by WGBH News
Another mass killing has taken place, this time at California facility for people with developmental disabilities. More than a dozen people are dead. What causes this madness? And what can and are we willing to do to stop it?
Robert Mendoza a forensic psychologist, and John Rosenthal, founder of Stop Handgun Violence, joined Jim to discuss the issues involved.
In response to criminologists who claim that the number of mass killings is no greater than ten years ago, Mendoza said, "those criminologists might want to pick up a more recent journal." He said the number of people killed in mass shootings is on the rise the past four or five years. He attributes, in part, a culture shift — a smaller world due to media and social media as well as copycats.
Mendoza claims the scientific thinking behind mass shootings is shifting as well after years of people believing they could not be prevented. "The models of threat assessment now can identify people early on — they call it a pathway to violence," said Mendoza, explaining that the FBI has a new, targeted organization that is looking at ways to identify mass shooters and what motivates them.
"Mass shootings are not impulsive things," Mendoza said, "these are planned, organized things. And what we have found over and over again, with a small percentage of exceptions, there is a way to identify these people early on."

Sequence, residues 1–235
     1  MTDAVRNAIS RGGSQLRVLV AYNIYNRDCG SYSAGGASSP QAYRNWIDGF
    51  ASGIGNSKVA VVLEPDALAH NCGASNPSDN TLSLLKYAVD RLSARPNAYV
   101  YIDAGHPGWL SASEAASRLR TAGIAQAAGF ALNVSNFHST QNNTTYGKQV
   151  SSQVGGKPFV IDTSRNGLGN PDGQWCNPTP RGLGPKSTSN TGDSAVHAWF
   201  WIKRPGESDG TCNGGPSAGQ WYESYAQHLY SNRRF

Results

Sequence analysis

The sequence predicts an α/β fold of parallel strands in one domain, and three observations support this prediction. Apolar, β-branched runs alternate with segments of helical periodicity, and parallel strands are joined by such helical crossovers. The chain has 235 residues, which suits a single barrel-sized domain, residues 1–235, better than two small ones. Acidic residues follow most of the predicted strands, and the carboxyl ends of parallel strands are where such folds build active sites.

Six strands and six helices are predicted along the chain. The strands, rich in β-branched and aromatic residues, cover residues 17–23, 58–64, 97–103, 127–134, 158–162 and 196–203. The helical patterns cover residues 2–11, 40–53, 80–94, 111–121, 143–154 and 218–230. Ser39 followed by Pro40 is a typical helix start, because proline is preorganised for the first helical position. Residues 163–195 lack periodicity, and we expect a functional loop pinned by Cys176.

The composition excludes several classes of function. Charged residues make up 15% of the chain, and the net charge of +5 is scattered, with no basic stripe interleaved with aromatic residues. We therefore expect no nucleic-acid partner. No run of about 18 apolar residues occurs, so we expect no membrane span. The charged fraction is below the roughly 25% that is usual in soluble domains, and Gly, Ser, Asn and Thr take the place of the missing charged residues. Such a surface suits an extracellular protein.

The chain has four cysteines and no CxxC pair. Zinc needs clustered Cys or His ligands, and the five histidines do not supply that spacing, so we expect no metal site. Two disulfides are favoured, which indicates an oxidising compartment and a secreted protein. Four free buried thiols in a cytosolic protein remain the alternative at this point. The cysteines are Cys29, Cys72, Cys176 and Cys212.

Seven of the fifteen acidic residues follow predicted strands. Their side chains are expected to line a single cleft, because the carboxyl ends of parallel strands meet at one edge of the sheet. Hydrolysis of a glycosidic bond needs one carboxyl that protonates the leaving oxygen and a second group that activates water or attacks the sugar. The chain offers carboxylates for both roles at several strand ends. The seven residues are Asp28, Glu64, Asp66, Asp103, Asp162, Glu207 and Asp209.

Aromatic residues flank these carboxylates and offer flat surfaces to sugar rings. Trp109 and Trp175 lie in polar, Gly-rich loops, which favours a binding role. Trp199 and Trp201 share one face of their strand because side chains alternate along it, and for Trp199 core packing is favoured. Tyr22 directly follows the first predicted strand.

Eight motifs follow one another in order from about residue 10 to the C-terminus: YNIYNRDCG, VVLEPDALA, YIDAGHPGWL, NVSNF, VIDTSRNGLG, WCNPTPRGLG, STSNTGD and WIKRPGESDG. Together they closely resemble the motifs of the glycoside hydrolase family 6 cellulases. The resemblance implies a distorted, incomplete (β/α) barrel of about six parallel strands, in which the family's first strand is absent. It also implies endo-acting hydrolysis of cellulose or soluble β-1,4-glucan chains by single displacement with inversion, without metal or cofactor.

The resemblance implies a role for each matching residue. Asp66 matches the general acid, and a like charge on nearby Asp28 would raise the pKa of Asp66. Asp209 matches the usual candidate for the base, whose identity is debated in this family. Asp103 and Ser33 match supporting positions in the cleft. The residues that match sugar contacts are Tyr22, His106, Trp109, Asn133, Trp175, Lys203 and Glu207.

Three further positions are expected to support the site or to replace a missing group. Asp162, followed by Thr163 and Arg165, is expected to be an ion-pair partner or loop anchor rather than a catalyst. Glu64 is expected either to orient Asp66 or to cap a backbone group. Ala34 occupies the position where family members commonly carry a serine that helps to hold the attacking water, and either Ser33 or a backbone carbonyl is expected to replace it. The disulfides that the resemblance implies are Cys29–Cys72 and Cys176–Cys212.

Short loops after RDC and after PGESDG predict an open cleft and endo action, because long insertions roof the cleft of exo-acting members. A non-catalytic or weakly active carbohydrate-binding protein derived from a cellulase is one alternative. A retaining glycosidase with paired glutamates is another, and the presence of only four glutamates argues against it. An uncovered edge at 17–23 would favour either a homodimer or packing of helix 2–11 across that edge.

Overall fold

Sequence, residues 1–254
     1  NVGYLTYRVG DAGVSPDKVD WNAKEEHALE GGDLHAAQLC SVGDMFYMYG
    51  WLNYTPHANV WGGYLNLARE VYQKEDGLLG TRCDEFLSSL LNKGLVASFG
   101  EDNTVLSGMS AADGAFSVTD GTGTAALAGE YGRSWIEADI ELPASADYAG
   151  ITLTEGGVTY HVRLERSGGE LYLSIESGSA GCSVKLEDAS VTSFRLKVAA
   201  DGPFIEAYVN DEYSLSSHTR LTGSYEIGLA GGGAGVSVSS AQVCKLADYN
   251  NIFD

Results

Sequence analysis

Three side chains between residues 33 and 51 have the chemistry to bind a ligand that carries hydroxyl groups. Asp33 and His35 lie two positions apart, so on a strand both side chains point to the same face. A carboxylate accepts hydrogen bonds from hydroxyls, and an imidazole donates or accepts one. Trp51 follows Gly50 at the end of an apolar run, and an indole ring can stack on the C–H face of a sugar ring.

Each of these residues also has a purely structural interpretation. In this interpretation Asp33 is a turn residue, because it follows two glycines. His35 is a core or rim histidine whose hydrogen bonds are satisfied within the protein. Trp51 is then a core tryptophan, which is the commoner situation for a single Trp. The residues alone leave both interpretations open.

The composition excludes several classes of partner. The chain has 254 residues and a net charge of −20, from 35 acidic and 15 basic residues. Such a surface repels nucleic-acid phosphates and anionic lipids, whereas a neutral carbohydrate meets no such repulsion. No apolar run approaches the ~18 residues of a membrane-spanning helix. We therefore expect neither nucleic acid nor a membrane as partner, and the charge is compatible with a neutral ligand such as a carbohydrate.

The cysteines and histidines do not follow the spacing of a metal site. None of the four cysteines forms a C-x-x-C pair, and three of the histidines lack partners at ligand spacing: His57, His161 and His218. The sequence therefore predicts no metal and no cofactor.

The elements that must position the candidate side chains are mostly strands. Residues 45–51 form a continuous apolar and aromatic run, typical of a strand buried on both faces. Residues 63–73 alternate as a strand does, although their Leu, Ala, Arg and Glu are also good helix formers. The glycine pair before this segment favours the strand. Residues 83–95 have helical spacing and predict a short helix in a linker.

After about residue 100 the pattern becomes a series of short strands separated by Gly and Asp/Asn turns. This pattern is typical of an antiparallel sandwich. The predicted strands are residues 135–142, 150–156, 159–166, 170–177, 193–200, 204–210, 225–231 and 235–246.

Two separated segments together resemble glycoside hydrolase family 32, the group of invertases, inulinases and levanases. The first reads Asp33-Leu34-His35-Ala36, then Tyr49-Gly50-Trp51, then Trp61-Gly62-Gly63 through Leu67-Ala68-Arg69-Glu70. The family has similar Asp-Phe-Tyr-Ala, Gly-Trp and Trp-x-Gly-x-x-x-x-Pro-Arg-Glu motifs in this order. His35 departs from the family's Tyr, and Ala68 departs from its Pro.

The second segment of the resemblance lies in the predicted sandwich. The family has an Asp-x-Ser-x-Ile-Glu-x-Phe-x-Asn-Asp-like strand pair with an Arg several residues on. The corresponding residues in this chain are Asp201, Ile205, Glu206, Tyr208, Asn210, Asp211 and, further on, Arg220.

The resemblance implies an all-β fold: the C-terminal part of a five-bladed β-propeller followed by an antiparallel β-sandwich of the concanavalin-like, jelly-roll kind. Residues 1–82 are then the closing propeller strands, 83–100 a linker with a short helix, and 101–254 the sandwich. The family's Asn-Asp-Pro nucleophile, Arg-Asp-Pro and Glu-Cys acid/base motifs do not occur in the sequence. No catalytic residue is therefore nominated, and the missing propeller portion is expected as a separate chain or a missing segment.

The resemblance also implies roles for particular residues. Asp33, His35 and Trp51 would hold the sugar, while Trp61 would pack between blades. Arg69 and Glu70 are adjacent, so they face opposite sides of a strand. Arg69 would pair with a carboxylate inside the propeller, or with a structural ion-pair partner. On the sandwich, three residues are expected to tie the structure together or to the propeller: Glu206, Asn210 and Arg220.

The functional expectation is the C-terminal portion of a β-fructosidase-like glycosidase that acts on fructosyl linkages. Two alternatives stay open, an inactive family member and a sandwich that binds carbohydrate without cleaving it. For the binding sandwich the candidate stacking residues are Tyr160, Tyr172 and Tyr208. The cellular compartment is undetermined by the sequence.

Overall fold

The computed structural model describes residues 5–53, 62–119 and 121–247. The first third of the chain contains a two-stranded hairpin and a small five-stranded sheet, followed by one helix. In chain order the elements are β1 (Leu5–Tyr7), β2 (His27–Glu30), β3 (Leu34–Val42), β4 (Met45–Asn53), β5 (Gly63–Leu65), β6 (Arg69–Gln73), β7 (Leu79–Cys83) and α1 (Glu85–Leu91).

Rosenthal believes the issue comes down largely to gun access. "After every mass shooting, we always talk about everything else but unrestricted access to the firearms," he said. "We've always had mental illness in this country, we're not unique to that, we just happen to arm everyone with military-style weapons and large-capacity ammunition magazines — the common denominator in all the mass shootings."
Rosenthal took issue with what he characterized as lax background checks and the expired assault weapon ban. He cited 160 school shootings since Sandy Hook in December 2012 and one or more mass shootings every day of 2015 (mass shootings are defined as four or more people wounded or killed by gunfire). "We can find these people before they shoot," said Rosenthal, "by requiring a background check and having some accountability."
"What we've done in Massachusetts, accountability on the part of gun owners, dealers, manufacturers and law enforcement, we're the model for the nation," Rosenthal said. "We're an urban, industrial state with the toughest gun laws and the lowest firearm fatality rate of any state in the nation, except for Hawaii, so we're the model. And eventually... whether it's 400 kids at one time or a couple members of congress at one time, at some point there will be a tipping point."